Prague Spring


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Prague Spring

  1. 1. End of a Dream The Soviet invasion of Czechoslovakia – August 1968
  2. 2. Map of Czechoslovakian Socialist Republic (CSSR)
  3. 3. Reform Communist Party leader Alexander Dubcek
  4. 4. The Prague Spring - 1968 <ul><li>In January 1968, the Central Committee of the Czechoslovak Socialist Republic (CSSR) elected a young Slovakian moderate Communist by the name of Alexander Dubcek to lead the Czechoslovak state. </li></ul><ul><li>He immediately began to reform the entire Communist Party apparatus and over a period of eight months abolished censorship, opened the borders and allowed freedom of assembly as well as independent writers and trade unions to flourish. </li></ul><ul><li>The population reacted with complete enthusiasm by supporting Dubcek’s initiatives. Instead of fleeing abroad, they stayed in the country and discussed, debated and wrote how the people could reform Communism and give it a “human face”. </li></ul>
  5. 5. Prague and the Vltava (Moldau)
  6. 6. St. Charles Bridge on the Vltava (Moldau)
  7. 7. The Invasion <ul><li>On the night of August 20 th 1968 Soviet forces supported by Communist satellite states invaded the reformist Czechoslovak Socialist Republic (CSSR) in order to put a stop to the reform movement. They arrested Dubcek and flew him to Moscow where he was tortured and forced to recant his heresy from Stalinist orthodoxy. </li></ul><ul><li>The Soviets and their associates feared that the reformist movement could spread to other fraternal Communist states in Eastern Europe and hence question Soviet hegemony in the region. </li></ul><ul><li>In order to justify its intervention, the Soviet leadership told their armed forces that they were intervening against Czech Fascists who were attempting a Putsch with assistance from CIA agents and West German Neo Nazis. </li></ul>
  8. 8. Soviet forces arriving in the night of August 20 th 1968
  9. 9. Soviet troops confronting angry Czechoslovak civilians
  10. 10. Czechoslovaks wake up in amazement to Occupation – 21 August 1968
  11. 11. Thousands of Czechoslovak citizens confronted Soviet tanks
  12. 12. The masses surrounding Soviet tanks on Wenceslaus Square
  13. 13. “ To the entire people of Czechoslovakian Socialist Republic!”- A message from the CSSR Presidium informing the populace of the invasion and calling for calm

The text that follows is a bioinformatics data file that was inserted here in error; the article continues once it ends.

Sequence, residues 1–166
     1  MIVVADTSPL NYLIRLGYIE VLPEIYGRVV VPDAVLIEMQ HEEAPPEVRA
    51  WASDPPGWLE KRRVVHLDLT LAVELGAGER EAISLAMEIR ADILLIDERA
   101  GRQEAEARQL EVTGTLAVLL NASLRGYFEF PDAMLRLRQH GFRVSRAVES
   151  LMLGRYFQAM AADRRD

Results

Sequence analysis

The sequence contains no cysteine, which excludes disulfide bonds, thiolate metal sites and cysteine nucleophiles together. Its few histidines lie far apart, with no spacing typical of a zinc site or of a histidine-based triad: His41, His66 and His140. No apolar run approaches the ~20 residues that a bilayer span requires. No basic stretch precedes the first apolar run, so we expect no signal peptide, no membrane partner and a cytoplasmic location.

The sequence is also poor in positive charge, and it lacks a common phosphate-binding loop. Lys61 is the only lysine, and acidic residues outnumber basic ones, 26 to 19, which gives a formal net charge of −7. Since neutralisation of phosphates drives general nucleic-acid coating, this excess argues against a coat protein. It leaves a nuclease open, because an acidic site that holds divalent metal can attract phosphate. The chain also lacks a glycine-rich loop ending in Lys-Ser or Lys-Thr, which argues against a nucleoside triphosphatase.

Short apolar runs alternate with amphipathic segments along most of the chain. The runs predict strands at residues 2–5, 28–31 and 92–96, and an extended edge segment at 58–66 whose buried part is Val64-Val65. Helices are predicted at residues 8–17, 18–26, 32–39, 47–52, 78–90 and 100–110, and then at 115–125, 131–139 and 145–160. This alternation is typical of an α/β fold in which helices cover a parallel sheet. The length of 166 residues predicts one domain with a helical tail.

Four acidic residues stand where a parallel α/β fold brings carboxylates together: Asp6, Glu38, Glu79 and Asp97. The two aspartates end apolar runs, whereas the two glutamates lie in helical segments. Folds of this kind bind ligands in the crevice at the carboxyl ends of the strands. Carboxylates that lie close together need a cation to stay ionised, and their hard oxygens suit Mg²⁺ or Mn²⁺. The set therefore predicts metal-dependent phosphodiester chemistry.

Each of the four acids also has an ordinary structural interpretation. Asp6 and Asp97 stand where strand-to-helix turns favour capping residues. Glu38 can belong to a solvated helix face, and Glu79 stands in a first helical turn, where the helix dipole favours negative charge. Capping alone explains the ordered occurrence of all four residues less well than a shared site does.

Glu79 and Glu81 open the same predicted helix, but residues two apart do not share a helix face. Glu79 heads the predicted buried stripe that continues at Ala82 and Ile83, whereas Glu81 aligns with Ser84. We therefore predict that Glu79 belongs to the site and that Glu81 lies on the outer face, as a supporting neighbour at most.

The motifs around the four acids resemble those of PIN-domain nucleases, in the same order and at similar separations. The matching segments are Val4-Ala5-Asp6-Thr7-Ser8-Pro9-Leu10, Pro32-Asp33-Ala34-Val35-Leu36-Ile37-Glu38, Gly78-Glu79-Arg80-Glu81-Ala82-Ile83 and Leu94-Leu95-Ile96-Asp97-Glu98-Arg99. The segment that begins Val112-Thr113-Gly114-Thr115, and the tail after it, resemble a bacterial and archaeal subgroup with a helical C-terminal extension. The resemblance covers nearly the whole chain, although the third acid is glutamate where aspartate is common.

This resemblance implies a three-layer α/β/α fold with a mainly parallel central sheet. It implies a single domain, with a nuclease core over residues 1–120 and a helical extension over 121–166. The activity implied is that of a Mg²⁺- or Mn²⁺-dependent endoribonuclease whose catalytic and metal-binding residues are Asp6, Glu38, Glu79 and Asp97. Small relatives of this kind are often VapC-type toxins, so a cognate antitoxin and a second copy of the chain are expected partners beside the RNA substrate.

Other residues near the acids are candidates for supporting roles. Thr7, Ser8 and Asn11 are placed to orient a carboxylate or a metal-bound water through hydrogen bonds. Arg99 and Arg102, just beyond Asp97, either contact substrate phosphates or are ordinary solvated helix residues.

14. 14. Bewildered Soviet troops surrounded by Czechoslovak crowd – Nowhere were Fascists , CIA agents or West German Neo Nazis to be found
  15. 15. Soviet tanks surrounded by unarmed Czechoslovak civilians
  16. 16. Students and demonstrators try to question evasive Soviet soldiers
  17. 17. Young Soviet soldiers are confused with the actual situation in the CSSR
  18. 18. Young Soviet soldiers pause alongside Czechoslovak civilians
  19. 19. Young Soviet soldiers caught up in the confusion of the early hours
  20. 20. Czech students writing protest posters
  21. 21. Civilians climb on Soviet tanks claiming them as trophies
  22. 22. Czech girl showing that there was no Fascist coup attempt
  23. 23. Czechoslovak civilians climb on Soviet tanks at Wenceslaus Square as symbolic peaceful conquest of the invading forces
  24. 24. Soviet troops with anti-aircraft guns occupying Jan Hus Square
  25. 25. Czechoslovak students defying Soviet forces by placing signs and posters protesting the invasion and demanding the return of Dubcek
  26. 26. “ I am with you!” - Protest Poster showing the kidnapped Dubcek was still present in the minds of his people
  27. 27. Czech students protest on a terrace of the National Museum overlooking Wenceslaus Square
  28. 28. Soviet tanks on Wenceslaus Square with National Museum in the background
  29. 29. “ Is this friendship? – Departure of the Occupier, Sovereignty, Neutrality”
  30. 30. Czechoslovak demonstrator demanding neutrality for her country
  31. 31. Road signs were defaced in order to confuse the invading forces
  32. 32. The Fairy Tale of the Five Brothers in front of the frightened Czech Republic